I’ve had a secret project going since June 2002, entering every component and portion size of my food intake – and exercise – religiously into web site www.weightlossresources.co.uk. Hence when Google decided to run an online course on “Making Sense of Data”, I asked Rebecca Walton at the company if she would be able to get daily intake summary for me in machine readable form: Calorie Intake, Carbs, Protein, Fat weights in grams, plus Exercise calories for every day since I started. Some 3,500 days worth of data. She emailed the spreadsheet to me less than two hours later – brilliant service.
Over that time, i’ve also religiously weighed myself almost every Monday morning, and entered that into the site too. I managed to scrape those readings off the site, and after a few hours work, combined all the data into a single Google Spreadsheet; that’s a free product these days, and has come on leaps and bounds in the last year (i’d not used Excel in anger at all now since late 2012).
With that, I then used the data for the final project of the course, loading the data into Google’s new Fusion Tables Analytics tool on which the course was based.
I’m currently in a 12 week competition at my local gym, based on a course of personal training and bi-weekly progress measures on a Boditrax machine. Effectively a special set of bathroom scales that can shoot electrical signals up one foot and down to the other, and to indicate your fat, muscle and water content. The one thing i’ve found strange is that a lot of the work i’m given is on weights, resulting in a muscle build up, a drop in fat – but at the same time, minimal weight loss. I’m usually reminded that muscle weighs much more than fat; my trainer tells me that the muscle will up my metabolism and contribute to more effective weight loss in future weeks.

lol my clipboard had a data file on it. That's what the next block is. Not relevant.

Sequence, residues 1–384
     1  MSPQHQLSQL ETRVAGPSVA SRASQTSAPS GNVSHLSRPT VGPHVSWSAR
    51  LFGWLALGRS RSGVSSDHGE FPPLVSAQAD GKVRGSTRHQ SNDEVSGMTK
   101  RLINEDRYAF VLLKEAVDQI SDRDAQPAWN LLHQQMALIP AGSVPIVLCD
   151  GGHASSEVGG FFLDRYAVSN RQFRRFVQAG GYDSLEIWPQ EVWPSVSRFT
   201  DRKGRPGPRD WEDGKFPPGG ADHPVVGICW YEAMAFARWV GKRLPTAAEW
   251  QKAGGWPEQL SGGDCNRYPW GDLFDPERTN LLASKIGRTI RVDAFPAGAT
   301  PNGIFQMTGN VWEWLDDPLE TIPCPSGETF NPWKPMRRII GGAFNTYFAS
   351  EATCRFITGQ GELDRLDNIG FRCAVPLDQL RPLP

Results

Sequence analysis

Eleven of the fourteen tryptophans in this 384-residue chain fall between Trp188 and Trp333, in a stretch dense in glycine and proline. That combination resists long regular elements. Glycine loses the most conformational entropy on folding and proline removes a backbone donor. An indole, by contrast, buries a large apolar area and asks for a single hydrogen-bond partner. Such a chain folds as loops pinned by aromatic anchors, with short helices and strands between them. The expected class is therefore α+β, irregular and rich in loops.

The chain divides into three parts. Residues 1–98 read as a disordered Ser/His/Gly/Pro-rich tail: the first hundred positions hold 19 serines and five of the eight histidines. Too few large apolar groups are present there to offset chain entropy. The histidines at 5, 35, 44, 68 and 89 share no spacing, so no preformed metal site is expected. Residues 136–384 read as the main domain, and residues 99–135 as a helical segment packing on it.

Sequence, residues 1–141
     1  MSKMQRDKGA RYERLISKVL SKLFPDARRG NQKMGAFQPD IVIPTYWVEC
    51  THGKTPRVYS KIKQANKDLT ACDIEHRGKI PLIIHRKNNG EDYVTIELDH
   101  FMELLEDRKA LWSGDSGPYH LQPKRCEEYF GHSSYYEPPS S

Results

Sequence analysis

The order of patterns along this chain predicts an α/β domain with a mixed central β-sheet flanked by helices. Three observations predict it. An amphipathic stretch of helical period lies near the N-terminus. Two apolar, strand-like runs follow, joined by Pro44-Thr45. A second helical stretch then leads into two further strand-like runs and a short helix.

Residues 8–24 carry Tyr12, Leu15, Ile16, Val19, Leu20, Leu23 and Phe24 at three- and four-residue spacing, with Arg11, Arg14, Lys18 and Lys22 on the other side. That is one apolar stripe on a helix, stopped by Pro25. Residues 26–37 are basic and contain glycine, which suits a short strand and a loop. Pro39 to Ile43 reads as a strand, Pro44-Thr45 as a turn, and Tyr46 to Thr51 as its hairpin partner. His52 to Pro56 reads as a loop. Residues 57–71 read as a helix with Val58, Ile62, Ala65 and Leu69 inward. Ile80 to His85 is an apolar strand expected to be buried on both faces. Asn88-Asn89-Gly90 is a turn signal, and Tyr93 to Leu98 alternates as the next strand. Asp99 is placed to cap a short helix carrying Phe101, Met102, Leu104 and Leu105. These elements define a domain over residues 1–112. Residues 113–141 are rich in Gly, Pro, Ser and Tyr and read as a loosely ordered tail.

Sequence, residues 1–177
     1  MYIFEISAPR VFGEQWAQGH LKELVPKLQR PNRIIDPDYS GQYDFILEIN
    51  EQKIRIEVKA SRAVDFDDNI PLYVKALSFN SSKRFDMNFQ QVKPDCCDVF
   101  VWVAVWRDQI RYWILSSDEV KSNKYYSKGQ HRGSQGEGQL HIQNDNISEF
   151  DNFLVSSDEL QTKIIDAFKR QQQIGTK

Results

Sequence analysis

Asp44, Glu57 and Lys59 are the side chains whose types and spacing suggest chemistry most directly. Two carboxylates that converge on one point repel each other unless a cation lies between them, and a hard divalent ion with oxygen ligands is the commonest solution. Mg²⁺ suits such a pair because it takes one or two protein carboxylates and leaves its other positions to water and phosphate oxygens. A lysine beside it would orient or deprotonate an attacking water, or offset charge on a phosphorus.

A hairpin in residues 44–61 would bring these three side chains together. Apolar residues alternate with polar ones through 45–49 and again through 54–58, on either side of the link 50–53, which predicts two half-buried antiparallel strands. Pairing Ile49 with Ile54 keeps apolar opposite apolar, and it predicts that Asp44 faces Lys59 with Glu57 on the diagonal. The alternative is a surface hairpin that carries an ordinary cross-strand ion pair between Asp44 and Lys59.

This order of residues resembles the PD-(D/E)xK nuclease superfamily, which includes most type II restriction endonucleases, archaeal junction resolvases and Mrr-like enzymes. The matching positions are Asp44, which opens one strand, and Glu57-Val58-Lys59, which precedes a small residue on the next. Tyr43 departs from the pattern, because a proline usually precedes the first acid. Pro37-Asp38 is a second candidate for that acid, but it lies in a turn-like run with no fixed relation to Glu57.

Nevertheless, I wanted to analyse all my data and see if I could draw any historical inferences from it that could assist my mission to lose weight this side of the end of the competition (at the end of April). My main questions were:
- Is my weekly weight loss directly proportional to the number of calories I consume?
- Does the level of exercise I undertake likewise have a direct effect on my weight loss?
- Are there any other (nutritional) factors that directly influence my weekly weight loss?
Using the techniques taught in this course, I managed to work out answers to these. I ended up throwing scatter plots like this:
Looking at it, you could infer there was a trend. Sticking a ruler on it sort of suggests that I should be keeping my nett calories consumption around the 2,300 mark to achieve a 2lb/week loss, which is some 200 calories under what i’d been running at with the www.weightlossresources.co.uk site. So, one change to make.
Unlike Tableau Desktop Professional, the current iteration of Google Fusion Tables can’t throw a straight trend line through a scatter chart. You instead have to do a bit of a hop, skip and jump in the spreadsheet you feed in first, using the Google Spreadsheet trend() function – and then you end up with something that looks like this: